I could tell by the smell in the air that we were getting close, even if I hadn't seen the signs yet. The GPS had given up and was merely directing the car in a circle, around parking lots and identical rows of (mostly vacant) shops, down roads that curve around and take us back to where we started in this ex-urban warren known as the Superior Marketplace. The smell guides us, though: "Hard right!" Amy yells, and we find ourselves finally coasting up to wooden picnic benches and the promise of "true Texas BBQ" displayed above the entrance to Wayne's Smoke Shack
See also: The Eternal Flame of Saganaki Burns on at Pete's Greek Town Cafe
Those who might say that American barbecue couldn't possibly be an ethnic cuisine haven't been to the places where barbecue is practiced in its native element: the whole-hog pits of South Carolina and rural Tennessee, the rib shacks of Memphis and Kansas City, or the original butcher counters of Texas Hill Country, where beef sausage, beef ribs and beef brisket are the products of the culture, the economy and the heritage of the surrounding people. Barbecue from each region has distinct language patterns, traditions, practically even religions. If there ever was a Denver barbecue style -- born in the early dusty days of Platte Valley settlement -- it's been lost in the passage of time. What we have instead are the immigrants and refugees from barbecue country who left for many reasons -- economics, education, escape from racial or religious intolerance -- but who didn't leave behind their love of wood-smoked meats.
Wayne Shelnutt is one such immigrant; he speaks the language of post oak and hickory and spreads the word of brisket. At Wayne's, they sell meat by the pound, lots of meat. It's all the same price ($16 for a pound): beef brisket, pork ribs, sausage, chicken and even fish. They make it easy for you; you just tell them how much (or how little) you want and they weigh it and write a number in grease pencil on the butcher paper that holds your order. And if you're not sure what a half-pound of meat looks like, you could probably just point to the meat and say "about that much."
Typical of Austin-style barbecue joints, Wayne's opens for lunch and closes when all the meat is gone (or by 4 p.m. at the latest). They say "hi" when you walk in the door, and they say "Thanks, come back soon" when you leave, even if you're trying to sneak away unnoticed because you're embarrassed by the sauce stain on your shirt. There are plenty of signs around too, just to help you figure things out. Saturdays, according to one sign, are Johnny Cash Saturdays, when paying in real money gets you a ten percent discount and "Jackson" or "Folsom Prison Blues" can be heard above the low roar of the massive oven hood and the drawls of displaced Texans lining up for lunch.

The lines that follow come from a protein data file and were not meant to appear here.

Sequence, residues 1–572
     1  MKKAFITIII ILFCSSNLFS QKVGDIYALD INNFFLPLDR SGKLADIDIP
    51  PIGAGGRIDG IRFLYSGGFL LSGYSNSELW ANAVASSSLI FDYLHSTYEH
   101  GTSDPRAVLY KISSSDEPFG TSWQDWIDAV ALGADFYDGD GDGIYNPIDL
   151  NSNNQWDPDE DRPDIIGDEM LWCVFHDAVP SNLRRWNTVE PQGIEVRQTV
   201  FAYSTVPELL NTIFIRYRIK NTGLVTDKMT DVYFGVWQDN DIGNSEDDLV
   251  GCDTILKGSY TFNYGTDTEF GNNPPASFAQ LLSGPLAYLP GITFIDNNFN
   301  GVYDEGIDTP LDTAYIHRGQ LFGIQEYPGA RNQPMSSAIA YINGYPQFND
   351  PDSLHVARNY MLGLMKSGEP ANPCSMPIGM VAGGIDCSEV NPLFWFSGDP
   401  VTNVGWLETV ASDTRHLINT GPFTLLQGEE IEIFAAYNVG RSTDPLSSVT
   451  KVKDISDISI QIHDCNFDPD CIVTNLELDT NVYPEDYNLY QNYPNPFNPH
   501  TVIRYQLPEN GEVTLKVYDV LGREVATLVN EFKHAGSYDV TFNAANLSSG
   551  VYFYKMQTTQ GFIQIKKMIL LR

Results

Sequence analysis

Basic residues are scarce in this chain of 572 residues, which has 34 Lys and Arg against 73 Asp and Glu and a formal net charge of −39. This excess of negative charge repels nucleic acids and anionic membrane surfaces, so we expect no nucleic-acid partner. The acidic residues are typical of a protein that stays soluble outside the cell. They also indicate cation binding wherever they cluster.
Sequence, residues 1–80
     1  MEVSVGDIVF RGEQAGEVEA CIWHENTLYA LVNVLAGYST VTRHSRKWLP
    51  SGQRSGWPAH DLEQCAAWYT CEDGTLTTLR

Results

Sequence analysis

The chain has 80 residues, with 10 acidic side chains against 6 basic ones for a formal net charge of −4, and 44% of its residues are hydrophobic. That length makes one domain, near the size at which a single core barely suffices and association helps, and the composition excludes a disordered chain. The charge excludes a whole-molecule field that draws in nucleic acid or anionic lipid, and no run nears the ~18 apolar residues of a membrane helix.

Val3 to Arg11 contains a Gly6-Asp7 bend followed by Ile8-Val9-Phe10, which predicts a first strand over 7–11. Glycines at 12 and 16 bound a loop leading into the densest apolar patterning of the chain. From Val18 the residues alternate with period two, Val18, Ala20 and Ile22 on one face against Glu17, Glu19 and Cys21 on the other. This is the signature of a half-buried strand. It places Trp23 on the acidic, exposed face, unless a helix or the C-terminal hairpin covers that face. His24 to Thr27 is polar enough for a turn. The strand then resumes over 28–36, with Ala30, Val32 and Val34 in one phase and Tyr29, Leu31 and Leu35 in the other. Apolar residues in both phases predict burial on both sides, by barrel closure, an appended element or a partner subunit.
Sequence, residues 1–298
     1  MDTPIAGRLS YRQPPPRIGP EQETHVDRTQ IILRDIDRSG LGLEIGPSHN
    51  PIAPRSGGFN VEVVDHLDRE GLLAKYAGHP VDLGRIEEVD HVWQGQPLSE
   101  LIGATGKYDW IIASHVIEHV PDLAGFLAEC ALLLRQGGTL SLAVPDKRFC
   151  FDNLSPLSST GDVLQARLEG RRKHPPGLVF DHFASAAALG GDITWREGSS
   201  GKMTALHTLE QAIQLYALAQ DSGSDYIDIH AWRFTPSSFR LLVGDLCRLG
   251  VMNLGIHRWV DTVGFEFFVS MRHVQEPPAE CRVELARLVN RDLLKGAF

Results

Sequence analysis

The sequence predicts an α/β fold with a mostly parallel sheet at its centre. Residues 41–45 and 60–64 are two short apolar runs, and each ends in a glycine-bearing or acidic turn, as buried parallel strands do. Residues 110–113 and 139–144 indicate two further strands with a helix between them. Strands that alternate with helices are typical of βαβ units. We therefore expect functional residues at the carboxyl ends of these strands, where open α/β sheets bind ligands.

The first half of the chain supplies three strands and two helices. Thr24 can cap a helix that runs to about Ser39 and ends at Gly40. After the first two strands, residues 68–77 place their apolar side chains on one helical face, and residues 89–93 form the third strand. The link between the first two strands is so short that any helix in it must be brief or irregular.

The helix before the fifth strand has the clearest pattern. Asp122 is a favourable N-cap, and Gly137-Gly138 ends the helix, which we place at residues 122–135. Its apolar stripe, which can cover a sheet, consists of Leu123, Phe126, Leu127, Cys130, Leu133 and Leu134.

Brisket is king, with sausage a close second, although on the day I visited, the sausage had already sold out by shortly after noon. The seasoning on the brisket is simple and the time in the smoker is long, creating a coffee-hued bark with a bite of black pepper over a pink smoke ring. Compared to some of the Texas masters (John Mueller or the Salt Lick's Scott Roberts), the flavor from the wood is mild, but the meat is juicy and infused to the very center with seasoning and smoke. Ask for meat from the fatty end of the brisket and you won't even need sauce; the fat drippings, dry rub and smoke combine to make their own groan-inducing jus, pooled on the butcher paper at the bottom of the basket. Wayne's has three kinds of sauce if you need it: a tangy blend strong with black pepper but not sticky-sweet, a spicier version of the same, and a yellowish mustard-based sauce that actually went best with the smoked catfish and the baked beans (which weren't pintos but rather navy or great northern).
The ribs are labeled as St. Louis-style -- a nod to the cut rather than the seasoning or cooking style. Wayne's pork ribs have the same dark crust as the brisket and the same toothsome quality that comes from patience and dedication. Texas pit masters, when cooking pork, tend to favor the heavy-duty spare-rib rack rather than the dainty baby-backs. Many leave the rib tips intact, maybe just to scare off the beginners, but these have been tidily trimmed to leave only a little of the cartilage, which I don't mind, since the racks have been cooked slow enough that the the crunch of the cartilage is gentle, not jarring.
Since the sausage had sold out, we decided to try some smoked catfish. The flavor was good, but the fish was a little soggy and cool. Catfish just doesn't do very well unless its cooked and served immediately with the steam still rising from the flesh. The sides were as sides almost always are -- simple fillers to keep the guests from cleaning the place out of meat too quickly. Hearty mashed potatoes, creamy and well-executed mac and cheese, those odd beans -- none of the things I set out for and not the things that would draw me back.
That waft of post oak, though -- it's enough to get me back on that damned stretch of Highway 36 despite the construction traffic and the Boulder drivers. Good barbecue, in any case, should not come without a journey. In fact, I can't imagine living within walking distance of a good smokehouse. Barbecue, as we all know in Denver, is always better somewhere else. The stories woven by folks from exotic locales like Driftwood or Lockhart or Taylor become legendary with even a short passage of time -- just like those from natives of Memphis, St. Louis or small towns like Hemingway or Goldsboro, South Carolina. If "somewhere else" means Superior, I'll take it.
For more from our tour of Denver's cultural, regional and international restaurant scene, check out our entire Ethniche archive.